I designed the weather station in a mix of Adobe Illustrator an Autodesk Fusion 360. I built the 3D model first, and then exported the profiles of the body plates from Fusion as vector files (attached above). I was able to use these for my 2D layout in Illustrator in order to fit everything withing the bounds of two 24"x36" sheets. Nearly all of the parts were laser cut from 1/4" plywood, the exception being a clear 1/8" acrylic "porthole" in order for the light sensor to be properly exposed to the sun, but not the elements. Here are the main hardware components of the unit:

Base Mount

The base of the weather station consists of a wooden dowel that is sanded down to a point; forming a stake that makes for a secure way to plant the center of the station about 14" in the ground. The station is rather tall and top heavy, so I designed holes angled 120 degrees around the center of the station, allowing the attachment of rope as guy lines in order to stabilize the station. Ordinary paracord rope ties eye bolts mounted in the holes to tent stakes in the ground.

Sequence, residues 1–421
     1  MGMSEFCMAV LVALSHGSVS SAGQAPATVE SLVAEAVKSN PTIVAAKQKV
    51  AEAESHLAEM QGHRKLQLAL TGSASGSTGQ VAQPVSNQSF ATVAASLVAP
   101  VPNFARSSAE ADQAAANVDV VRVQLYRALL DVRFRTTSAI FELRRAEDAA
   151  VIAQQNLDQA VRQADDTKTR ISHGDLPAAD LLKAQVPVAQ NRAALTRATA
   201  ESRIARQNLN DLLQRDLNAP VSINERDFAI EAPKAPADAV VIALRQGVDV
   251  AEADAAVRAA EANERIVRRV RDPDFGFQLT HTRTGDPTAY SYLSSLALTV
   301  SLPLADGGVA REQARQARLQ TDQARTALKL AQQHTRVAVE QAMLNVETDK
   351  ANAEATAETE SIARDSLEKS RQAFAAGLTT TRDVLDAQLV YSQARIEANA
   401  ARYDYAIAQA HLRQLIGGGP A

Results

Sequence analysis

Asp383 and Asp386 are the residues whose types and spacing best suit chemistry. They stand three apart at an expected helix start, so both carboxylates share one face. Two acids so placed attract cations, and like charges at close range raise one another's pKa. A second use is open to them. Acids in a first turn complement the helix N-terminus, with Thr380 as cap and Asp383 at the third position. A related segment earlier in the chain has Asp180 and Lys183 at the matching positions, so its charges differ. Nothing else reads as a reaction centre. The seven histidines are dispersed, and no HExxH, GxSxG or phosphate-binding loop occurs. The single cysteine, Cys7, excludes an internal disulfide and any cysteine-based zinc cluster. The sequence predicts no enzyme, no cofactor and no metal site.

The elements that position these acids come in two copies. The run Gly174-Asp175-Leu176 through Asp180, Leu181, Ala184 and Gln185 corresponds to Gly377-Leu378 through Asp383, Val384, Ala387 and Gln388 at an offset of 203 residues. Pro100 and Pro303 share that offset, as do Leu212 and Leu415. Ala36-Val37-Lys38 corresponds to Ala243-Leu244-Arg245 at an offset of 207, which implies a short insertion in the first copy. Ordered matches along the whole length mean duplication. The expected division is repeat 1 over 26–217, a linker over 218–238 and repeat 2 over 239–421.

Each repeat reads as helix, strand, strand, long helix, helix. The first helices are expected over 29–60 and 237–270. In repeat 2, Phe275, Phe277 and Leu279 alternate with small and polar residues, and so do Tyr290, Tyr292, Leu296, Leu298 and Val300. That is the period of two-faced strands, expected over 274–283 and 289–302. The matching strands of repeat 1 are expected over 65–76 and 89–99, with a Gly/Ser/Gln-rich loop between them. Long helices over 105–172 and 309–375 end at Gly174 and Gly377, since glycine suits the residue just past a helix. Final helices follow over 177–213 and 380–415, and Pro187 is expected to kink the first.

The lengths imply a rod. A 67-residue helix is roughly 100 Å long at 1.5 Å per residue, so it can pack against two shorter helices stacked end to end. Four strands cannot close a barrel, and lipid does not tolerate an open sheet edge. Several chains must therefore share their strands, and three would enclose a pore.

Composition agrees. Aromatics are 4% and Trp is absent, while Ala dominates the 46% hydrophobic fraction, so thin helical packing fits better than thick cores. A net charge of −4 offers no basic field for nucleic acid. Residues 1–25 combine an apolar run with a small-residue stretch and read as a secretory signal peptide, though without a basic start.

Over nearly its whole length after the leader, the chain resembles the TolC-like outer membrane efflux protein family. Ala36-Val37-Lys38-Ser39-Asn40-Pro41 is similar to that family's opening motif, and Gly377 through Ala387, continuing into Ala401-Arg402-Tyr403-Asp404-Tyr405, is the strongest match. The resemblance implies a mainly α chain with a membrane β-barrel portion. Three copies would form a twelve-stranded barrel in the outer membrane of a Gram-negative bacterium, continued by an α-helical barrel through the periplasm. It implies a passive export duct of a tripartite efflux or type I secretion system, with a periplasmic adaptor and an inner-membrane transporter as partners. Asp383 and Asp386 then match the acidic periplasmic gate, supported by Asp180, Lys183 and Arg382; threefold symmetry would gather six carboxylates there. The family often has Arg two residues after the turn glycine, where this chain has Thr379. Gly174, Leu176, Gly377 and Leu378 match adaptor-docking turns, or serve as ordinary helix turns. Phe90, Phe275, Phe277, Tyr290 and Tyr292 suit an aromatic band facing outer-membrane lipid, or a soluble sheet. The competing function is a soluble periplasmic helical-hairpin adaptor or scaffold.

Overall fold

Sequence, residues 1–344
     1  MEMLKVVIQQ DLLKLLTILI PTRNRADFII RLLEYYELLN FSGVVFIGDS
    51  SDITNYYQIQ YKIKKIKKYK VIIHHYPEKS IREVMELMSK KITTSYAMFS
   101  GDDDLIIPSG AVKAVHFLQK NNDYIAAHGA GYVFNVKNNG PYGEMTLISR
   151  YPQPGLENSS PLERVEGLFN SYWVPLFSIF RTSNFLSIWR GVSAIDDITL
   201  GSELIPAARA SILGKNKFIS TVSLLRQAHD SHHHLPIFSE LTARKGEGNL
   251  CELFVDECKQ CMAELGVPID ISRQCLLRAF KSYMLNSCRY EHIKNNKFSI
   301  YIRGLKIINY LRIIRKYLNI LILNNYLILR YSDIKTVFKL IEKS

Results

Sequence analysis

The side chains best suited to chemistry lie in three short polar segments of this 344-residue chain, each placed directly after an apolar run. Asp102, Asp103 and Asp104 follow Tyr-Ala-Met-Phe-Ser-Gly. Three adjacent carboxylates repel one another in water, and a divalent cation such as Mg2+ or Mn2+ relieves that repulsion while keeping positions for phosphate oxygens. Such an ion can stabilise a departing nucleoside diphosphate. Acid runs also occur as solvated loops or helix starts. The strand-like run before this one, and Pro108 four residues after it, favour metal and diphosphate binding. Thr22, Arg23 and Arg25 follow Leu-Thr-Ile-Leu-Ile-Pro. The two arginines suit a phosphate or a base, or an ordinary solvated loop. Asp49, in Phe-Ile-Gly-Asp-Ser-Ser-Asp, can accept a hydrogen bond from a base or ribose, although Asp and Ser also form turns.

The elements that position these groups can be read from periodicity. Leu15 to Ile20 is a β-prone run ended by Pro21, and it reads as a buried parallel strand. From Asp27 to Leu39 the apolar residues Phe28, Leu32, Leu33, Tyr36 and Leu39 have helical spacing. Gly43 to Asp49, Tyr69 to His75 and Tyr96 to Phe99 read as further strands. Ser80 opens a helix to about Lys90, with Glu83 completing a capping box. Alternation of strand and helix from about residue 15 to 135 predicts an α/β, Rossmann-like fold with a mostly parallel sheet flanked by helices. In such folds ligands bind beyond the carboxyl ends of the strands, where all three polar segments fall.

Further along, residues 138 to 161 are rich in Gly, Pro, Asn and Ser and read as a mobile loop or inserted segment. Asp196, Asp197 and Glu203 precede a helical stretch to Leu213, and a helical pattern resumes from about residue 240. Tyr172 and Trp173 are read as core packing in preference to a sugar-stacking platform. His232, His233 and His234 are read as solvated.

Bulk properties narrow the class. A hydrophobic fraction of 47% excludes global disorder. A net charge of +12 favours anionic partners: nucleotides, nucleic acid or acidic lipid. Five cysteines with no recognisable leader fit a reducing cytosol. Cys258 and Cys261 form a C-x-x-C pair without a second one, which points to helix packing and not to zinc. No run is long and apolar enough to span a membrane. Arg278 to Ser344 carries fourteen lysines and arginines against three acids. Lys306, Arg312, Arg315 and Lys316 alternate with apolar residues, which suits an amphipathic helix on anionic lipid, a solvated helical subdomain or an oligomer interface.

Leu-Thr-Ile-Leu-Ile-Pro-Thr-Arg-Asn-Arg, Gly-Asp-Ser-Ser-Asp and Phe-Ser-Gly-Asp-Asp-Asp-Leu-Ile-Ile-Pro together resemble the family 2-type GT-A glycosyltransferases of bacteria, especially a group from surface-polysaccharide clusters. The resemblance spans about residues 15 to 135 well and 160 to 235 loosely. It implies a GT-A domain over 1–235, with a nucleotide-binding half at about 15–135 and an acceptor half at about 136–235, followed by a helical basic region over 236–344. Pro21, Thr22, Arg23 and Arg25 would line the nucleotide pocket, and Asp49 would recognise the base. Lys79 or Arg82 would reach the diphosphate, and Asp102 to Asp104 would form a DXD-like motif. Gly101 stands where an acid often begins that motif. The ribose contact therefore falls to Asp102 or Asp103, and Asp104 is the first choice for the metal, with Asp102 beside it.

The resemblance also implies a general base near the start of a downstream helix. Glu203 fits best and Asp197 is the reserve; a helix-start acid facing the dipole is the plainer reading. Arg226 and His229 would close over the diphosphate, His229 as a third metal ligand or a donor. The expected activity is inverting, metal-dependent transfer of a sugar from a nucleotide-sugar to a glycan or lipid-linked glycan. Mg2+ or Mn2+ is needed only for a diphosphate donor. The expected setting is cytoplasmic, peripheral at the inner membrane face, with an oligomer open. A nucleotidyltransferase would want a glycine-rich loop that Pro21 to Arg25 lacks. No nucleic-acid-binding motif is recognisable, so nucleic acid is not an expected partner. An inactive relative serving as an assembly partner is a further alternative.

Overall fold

Tube Vent

I needed a way to expose the altimeter, humidity sensor, and dust sensor to air without allowing any contact with water or debris. Normally, weather stations use a Stevenson screen, but I wanted to try another design. In order to induce some amount of air flow around the dust sensor, I enclosed the sensor pod in a 3" diameter ventilation tube. As the air in the tube warms, it will rise creating a convection current that pulls air and particulate up through the grate at the base of the tube, and out the vent "bonnet" which is angled to keep water out.